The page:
PEOPLE suffering from bile duct cancer could be helped by a new drug class of experimental drug, a study has shown.
Bile duct cancer, known as cholangiocarcinoma, is a rare but aggressive type of cancer, which affects around 1,000 people a year in the UK.
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It does not typically respond to chemotherapy, and there are usually no symptoms until it reaches the later stages, meaning it is very difficult to treat with surgery.
Fewer than one in 20 patients will survive for five years after diagnosis.
A study led by scientists at the University of Edinburgh has found that a key pathway - known as Wnt - drives tumour growth in the cancer.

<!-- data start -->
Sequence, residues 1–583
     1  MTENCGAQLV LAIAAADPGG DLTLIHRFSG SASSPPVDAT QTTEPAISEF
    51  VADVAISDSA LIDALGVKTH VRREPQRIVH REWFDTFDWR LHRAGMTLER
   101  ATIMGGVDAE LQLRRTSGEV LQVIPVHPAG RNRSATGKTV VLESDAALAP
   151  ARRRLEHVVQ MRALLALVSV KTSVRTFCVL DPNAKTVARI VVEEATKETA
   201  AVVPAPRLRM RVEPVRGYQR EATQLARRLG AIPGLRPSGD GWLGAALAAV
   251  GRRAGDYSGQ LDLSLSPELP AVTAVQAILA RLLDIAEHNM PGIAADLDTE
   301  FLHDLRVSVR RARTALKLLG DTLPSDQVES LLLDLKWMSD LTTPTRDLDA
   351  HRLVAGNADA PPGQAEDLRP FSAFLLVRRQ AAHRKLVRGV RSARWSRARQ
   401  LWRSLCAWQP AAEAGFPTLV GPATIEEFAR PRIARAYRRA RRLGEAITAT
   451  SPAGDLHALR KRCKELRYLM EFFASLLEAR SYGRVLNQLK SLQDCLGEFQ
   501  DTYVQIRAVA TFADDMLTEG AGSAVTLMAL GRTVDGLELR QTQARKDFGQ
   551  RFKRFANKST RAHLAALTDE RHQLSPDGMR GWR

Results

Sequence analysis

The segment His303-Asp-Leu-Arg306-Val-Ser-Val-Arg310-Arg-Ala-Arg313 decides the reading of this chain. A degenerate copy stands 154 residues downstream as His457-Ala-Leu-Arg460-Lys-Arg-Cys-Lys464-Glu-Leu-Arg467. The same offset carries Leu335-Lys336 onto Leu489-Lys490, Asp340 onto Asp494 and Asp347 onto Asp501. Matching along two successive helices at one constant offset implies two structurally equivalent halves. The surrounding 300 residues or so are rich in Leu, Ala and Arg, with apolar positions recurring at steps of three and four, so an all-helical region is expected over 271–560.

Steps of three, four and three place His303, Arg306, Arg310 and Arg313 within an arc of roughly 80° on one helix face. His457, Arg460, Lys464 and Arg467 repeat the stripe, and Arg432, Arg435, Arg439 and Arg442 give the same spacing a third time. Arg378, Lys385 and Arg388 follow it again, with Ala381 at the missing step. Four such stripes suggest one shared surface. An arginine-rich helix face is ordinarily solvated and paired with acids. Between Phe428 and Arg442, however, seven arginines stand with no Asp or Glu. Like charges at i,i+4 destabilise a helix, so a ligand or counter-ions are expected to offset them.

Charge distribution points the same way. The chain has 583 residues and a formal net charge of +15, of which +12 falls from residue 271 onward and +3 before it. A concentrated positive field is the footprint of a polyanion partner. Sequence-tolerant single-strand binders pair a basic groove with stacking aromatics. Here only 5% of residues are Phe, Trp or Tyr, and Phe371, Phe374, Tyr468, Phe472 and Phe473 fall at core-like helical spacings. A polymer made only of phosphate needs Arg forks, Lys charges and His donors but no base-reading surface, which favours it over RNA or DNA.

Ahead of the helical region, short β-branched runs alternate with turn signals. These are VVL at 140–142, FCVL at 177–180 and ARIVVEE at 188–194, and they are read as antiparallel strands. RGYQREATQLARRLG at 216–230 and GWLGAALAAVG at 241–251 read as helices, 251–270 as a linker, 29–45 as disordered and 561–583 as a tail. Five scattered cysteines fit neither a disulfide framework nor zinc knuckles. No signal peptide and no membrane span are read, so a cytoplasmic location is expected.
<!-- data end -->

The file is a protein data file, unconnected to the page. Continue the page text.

Researchers found that the treatment prevented the growth of bile duct cancer cells in the lab and shrank tumours in animals with the disease.
They are now planning to test whether these drugs will be effective in patients.
Dr Luke Boulter, of the Medical Research Council Human Genetics Unit at the University of Edinburgh, said: “Identifying the signals that control bile duct cancer’s growth will allow us to design better treatments that are urgently needed.”
Helen Moremont of AMMF, The Cholangiocarcinoma Charity, said: “This is potentially very exciting.
“Cholangiocarcinoma is an under-researched, much neglected but truly devastating disease, so it is good to see progress being made in novel areas. We are hopeful that this research work with Wnt will provide a real step forward towards a clinical trial and some long awaited possible improvements in treatment.”